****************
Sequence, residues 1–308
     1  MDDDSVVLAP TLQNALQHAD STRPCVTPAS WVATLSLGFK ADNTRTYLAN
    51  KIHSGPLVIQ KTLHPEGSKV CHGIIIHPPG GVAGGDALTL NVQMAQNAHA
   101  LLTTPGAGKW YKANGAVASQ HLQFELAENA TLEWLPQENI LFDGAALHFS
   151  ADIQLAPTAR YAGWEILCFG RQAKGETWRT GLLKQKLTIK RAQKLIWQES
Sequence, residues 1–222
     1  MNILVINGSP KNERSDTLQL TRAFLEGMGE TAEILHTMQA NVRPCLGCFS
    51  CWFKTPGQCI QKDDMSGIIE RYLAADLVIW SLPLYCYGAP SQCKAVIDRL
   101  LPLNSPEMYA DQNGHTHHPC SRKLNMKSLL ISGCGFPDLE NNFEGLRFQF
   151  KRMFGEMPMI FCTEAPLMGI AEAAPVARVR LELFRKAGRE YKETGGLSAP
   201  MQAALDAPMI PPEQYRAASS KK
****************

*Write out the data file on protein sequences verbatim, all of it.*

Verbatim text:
Sequence, residues 1–308
     1  MDDDSVVLAP TLQNALQHAD STRPCVTPAS WVATLSLGFK ADNTRTYLAN
    51  KIHSGPLVIQ KTLHPEGSKV CHGIIIHPPG GVAGGDALTL NVQMAQNAHA
   101  LLTTPGAGKW YKANGAVASQ HLQFELAENA TLEWLPQENI LFDGAALHFS
   151  ADIQLAPTAR YAGWEILCFG RQAKGETWRT GLLKQKLTIK RAQKLIWQES
Sequence, residues 1–222
     1  MNILVINGSP KNERSDTLQL TRAFLEGMGE TAEILHTMQA NVRPCLGCFS
    51  CWFKTPGQCI QKDDMSGIIE RYLAADLVIW SLPLYCYGAP SQCKAVIDRL
   101  LPLNSPEMYA DQNGHTHHPC SRKLNMKSLL ISGCGFPDLE NNFEGLRFQF
   151  KRMFGEMPMI FCTEAPLMGI AEAAPVARVR LELFRKAGRE YKETGGLSAP
   201  MQAALDAPMI PPEQYRAASS KK